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Low-head dams: A not-so clear and present danger

by Virgil Chambers, Executive Director, National Safe Boating Council

Rivers can be treacherous, not only because of the tremendous power they possess, through the movement of flowing water, but because of structures they flow over, around and through.

Hazards like "strainers," fallen trees and debris collecting between rocks and bridge piers that can trap floating objects, are generally conspicuous. And those familiar with the dynamics of moving water know how the force of the water, as it comes in contact with different obstructions, can actually hold objects.

Bridge piers and rocks are potentially dangerous basically because they don't move and the water does. If the water is moving fast enough, anything or anyone coming in contact with these structures can be held tight against their upstream side. Once pinned in this way, escape is difficult.

We can easily understand the danger and what is happening when water holds an object against an obstacle.However, the distinction is not so clear with the dangers associated with the river's most perilous obstruction, the low-head dam. It is a man-made structure, typically built to back up water in a reservoir for a variety of reasons.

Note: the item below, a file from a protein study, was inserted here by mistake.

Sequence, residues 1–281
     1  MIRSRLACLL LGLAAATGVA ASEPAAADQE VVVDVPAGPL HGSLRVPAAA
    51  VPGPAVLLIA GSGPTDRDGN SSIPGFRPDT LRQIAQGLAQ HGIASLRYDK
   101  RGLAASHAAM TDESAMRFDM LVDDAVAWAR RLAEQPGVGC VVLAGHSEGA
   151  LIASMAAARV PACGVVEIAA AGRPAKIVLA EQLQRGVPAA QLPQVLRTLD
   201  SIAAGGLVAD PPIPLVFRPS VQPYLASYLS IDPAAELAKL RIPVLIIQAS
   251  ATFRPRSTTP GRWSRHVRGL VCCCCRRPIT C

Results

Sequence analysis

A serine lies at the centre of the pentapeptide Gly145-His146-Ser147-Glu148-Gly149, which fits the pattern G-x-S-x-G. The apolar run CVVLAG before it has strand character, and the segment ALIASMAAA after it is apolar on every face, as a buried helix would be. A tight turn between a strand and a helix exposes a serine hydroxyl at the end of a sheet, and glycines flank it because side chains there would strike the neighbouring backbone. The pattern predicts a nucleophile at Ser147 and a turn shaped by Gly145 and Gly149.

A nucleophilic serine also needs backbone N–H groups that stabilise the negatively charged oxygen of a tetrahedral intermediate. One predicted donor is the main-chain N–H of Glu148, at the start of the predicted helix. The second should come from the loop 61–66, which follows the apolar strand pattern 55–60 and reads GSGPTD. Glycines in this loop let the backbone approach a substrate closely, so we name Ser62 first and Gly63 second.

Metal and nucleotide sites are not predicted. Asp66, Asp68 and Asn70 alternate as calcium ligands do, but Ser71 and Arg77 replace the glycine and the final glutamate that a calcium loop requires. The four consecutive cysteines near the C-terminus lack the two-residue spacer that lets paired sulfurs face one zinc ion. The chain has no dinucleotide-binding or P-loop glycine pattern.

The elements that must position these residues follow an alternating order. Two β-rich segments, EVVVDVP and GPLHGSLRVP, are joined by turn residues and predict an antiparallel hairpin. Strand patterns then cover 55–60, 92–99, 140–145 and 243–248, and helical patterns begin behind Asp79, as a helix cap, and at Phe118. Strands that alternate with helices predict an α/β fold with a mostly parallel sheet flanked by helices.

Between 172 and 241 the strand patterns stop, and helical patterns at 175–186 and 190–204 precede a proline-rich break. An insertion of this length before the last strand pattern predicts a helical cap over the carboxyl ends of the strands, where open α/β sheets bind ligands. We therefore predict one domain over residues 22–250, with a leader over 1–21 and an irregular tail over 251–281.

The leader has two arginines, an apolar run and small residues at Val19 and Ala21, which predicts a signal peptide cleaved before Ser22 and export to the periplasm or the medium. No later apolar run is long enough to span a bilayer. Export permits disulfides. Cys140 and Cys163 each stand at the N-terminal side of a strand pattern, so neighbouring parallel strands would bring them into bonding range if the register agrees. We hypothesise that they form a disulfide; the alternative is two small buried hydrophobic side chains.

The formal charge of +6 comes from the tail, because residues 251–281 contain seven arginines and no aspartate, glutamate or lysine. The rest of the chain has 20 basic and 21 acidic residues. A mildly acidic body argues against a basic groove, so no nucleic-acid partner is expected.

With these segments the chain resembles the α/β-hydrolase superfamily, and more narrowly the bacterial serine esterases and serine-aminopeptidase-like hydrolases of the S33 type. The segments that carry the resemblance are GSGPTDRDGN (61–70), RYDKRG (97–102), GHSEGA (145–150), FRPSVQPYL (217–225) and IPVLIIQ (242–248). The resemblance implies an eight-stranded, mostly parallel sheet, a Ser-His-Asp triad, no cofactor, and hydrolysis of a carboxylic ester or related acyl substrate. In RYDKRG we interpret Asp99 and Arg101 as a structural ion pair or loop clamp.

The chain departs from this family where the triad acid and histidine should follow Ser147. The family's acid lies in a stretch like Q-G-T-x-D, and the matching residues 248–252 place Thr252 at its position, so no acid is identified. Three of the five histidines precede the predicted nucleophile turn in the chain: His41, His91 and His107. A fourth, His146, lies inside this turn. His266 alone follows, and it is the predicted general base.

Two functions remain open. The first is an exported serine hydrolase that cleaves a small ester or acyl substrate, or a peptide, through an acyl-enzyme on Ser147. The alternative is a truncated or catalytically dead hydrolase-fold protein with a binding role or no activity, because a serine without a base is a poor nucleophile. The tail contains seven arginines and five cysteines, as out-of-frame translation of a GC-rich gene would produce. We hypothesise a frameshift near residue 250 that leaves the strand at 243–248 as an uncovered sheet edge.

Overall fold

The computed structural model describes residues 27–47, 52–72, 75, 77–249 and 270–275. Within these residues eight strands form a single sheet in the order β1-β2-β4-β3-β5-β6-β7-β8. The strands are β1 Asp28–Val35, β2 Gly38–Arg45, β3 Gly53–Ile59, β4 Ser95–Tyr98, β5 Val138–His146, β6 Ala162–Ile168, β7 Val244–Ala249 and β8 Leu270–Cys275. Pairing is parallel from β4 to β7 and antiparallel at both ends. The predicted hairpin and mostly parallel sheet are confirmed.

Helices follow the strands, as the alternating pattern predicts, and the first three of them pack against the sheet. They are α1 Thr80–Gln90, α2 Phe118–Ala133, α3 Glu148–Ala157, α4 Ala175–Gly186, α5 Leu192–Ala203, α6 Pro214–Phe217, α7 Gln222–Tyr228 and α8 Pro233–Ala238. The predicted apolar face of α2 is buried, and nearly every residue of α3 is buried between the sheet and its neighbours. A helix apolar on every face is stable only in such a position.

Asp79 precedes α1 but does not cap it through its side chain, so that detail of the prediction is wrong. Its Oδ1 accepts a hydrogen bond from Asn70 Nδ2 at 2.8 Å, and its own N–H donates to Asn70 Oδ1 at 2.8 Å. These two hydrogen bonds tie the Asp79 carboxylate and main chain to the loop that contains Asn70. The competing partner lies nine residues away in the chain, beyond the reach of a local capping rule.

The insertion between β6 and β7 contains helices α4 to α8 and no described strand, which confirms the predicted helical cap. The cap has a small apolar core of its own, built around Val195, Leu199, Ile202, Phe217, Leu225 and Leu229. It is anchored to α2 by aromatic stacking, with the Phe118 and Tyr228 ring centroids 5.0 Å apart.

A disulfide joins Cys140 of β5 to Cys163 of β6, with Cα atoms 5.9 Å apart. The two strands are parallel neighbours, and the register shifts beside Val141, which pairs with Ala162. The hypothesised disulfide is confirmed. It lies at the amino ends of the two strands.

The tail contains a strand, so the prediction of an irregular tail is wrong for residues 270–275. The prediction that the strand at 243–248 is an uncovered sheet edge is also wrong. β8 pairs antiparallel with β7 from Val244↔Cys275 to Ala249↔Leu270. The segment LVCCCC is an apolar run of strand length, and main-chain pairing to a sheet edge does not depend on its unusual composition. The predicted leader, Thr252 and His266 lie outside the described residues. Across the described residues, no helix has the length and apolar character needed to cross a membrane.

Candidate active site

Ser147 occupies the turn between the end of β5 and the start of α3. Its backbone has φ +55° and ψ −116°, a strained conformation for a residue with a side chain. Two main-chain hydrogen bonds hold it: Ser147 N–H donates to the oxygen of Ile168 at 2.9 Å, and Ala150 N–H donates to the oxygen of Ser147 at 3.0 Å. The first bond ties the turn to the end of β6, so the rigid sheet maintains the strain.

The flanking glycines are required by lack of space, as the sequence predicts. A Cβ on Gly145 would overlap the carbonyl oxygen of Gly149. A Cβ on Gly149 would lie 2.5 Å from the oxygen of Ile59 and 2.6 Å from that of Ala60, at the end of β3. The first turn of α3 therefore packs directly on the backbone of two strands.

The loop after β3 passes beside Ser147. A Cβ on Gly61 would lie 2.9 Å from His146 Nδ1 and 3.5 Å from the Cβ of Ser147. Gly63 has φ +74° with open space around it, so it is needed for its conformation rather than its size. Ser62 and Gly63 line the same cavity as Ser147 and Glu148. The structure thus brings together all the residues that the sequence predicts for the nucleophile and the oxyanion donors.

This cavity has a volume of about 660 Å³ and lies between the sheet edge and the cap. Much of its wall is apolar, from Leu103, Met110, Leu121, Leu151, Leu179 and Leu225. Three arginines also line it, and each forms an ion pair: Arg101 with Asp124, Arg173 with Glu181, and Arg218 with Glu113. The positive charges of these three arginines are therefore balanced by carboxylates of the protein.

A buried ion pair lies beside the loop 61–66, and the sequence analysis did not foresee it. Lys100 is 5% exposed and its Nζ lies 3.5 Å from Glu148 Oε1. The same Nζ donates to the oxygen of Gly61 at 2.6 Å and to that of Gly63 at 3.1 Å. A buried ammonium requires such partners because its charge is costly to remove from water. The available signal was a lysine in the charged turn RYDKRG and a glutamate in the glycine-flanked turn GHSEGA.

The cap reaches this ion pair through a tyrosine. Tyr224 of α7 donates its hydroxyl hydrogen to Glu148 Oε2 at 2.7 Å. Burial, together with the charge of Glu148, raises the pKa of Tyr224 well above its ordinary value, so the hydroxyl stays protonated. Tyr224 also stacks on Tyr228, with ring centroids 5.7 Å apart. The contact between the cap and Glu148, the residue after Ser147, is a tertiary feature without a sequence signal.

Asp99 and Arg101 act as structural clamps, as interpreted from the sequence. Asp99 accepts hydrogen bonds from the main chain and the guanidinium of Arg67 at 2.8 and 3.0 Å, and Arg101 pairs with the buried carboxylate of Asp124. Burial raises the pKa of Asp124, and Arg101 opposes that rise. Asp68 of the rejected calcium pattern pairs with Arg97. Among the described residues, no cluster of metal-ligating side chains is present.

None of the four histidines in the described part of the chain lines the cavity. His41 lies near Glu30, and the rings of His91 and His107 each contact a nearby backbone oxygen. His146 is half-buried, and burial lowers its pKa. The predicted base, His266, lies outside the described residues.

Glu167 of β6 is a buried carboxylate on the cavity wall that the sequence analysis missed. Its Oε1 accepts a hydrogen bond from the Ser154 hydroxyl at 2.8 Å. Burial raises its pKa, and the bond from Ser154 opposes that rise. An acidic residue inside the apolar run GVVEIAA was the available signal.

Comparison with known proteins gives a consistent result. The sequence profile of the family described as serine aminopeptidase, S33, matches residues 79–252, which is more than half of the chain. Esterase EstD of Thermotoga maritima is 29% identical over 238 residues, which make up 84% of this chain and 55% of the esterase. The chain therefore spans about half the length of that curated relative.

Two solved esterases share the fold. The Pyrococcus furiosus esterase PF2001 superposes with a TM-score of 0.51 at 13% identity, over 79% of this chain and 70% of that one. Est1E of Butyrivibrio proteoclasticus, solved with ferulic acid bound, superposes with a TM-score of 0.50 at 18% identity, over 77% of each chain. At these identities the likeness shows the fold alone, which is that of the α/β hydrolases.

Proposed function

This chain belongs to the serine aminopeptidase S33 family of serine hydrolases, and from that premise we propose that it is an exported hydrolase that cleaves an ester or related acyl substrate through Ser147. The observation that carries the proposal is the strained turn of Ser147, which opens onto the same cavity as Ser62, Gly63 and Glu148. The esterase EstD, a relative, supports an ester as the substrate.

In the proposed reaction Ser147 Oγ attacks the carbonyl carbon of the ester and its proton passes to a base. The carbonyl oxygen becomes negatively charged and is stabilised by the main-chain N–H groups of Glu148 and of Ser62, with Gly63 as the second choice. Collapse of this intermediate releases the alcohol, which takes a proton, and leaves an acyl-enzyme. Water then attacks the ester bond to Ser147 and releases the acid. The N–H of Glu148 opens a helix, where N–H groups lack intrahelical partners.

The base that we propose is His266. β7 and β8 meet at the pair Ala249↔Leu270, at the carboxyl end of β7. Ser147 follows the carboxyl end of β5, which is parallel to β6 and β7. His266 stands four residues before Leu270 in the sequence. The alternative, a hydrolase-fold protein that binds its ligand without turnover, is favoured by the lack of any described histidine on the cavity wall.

newdam.gif (14371 bytes)This wall-like structure pools the water as it flows over the crest and drops to the lower level.This drop creates a hydraulic, which is a backwash that traps and recirculates anything that floats. Boats and people have been caught in this backwash.

A person caught in the backwash of a low-head dam will be carried to the face of the dam, where the water pouring over it will wash him down under to a point downstream called the boil. The boil is that position where the water from below surfaces and moves either downstream or back toward the dam. A person who is caught in a low head dam struggles to the surface, where the backwash once again carries him to the face of the dam, thus continuing the cycle.

To complicate matters, these dams are usually loaded with debris, such as tires and logs on the surface and rocks and steel bars just below, posing additional problems should a person get trapped in this dangerous structure.

Dams do not need to have a deep drop to create a dangerous backwash. During periods of high water and heavy rains, the backwash current problems get worse, and the reach of the backwash current is extended downstream. Small low-head dams that may have provided a refreshing wading spot at low water can become a brutal death trap when river levels are up. Simply put, it is not the drop of the dam which is the lethal danger, but the backwash current. This backwash current is governed by volume of water and flow.

From downstream, you may not realize the danger until it’s too late. From upstream, low-head dams are difficult to detect. In most instances, a low-head dam does not look dangerous, yet can create a life-threatening situation. You should always pay attention to warning signs, markers or buoys and keep well clear of low-head dams.

Thanks to Virgil Chambers for this article.

 

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